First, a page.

Working with fear in the body
In our previous post we explored faith as an antidote to fear. Faith usually develops gradually. What can we do in the moment when her fear is stronger than our faith. Working with fear in the body can immediately lessen the hold that fear has on us. I’d like to share two somatic practices that can take us from being lost in anxiety or fear to open spacious awareness.
First let’s look at grounding. Grounding, feeling the abundant support the earth offers, is the energetic lesson that we all needed to learn from the second trimester in the womb until approximately two years old. Even if you had a loving mother like I did, there were almost certainly moments in your early childhood when you felt unsupported or temporarily abandoned or had an accident or trauma or an illness. Fear arose. Fear is the emotion that arises when we are ungrounded, when we don’t feel supported. Grounding immediately and directly cuts through fear. My earliest memory is joyfully crawling across the carpet in the family living room. The pattern in the carpet is still clear in my mind. I found a metal hairpin on the floor. Right in front of me in the wall were two holes, the electrical socket. In my preverbal state I thought “Fantastic! This fits in both holes so let’s do it!” You can guess what happened next. What did I learn? The world is not safe. Following my curiosity can be painful and dangerous. Zero to two years of age is the time we learn to trust being dependent on the support of the ground beneath us, the earth element, our mother, the Mother. A therapist acquaintance of mine once said “If it’s not one thing, it’s your mother.”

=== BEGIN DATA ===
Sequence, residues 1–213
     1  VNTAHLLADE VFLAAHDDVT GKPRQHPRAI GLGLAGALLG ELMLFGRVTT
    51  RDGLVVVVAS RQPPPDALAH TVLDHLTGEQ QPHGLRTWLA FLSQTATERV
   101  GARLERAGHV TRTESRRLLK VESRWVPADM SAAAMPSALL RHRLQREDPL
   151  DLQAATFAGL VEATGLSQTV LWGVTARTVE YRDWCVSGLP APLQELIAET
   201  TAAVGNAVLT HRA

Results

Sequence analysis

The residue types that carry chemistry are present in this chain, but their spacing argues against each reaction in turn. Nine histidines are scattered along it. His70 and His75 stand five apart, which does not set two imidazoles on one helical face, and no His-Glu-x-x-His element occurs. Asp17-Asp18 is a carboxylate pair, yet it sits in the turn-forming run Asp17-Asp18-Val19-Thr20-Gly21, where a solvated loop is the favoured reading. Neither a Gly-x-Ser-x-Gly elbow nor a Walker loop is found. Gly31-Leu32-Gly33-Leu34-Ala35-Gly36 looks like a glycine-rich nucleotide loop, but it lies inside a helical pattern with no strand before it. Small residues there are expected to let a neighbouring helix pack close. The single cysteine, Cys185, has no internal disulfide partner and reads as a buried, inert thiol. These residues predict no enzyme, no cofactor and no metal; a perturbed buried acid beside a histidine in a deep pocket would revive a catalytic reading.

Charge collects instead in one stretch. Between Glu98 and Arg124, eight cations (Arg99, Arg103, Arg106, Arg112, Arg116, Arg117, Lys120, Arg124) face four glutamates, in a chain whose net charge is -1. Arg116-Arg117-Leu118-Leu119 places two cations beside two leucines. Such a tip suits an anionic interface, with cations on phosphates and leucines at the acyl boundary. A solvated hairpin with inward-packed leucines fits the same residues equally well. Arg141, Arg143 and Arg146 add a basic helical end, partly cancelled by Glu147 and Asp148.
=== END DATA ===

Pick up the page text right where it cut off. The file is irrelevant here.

Eastern contemplative practices from Hinduism and Buddhism that are so popular now were developed by and for people many centuries ago that were grounded, people who walked around barefoot without an iPhone. These practices assume that we are already grounded which is not the case for many Westerners. For decades I did intensive meditation practice, did many retreats and had remarkable experiences. Integrating practice into my daily life was another story. A few days after the retreat was over I was 99.9% as neurotic as when the retreat began. Only when I finally realized how ungrounded I often was and began to bring grounding into my practice, did the fruits of meditation begin to permeate my life. I’m a difficult case having a PhD in mathematics. Dropping down out of my head that was so good at analyzing and categorizing and understanding into the base, into accepting this grounding energy, was profoundly challenging as well as deeply healing.
Here is the best grounding practice I know: as you breathe out, feel or visualize that you are pushing energy out through the base of your torso into the earth that supports and nourishes, not the earth of dirt and rocks. Let the out breath be full and then with an easy, natural in breath receive this grounding energy. You’re pushing out through the perineum. If you have a hard time inhabiting this part of your energetic body that many of us have at least partially abandoned, then tighten the muscles in the perineum and the upper inner thigh muscles for a few breaths so you can begin to feel this part of your body. This exercise is not muscular but energetic. It is a very direct way to go beyond fear. I’ve had meditation students working on the front lines of medical care in inner-city hospitals who were burning out and contemplating leaving their jobs. Bringing this grounding practice into their work transformed a deeply stressful situation into one that brought them great satisfaction. I hope you find it as healing as I have.
I will leave the second grounding practice to the next post.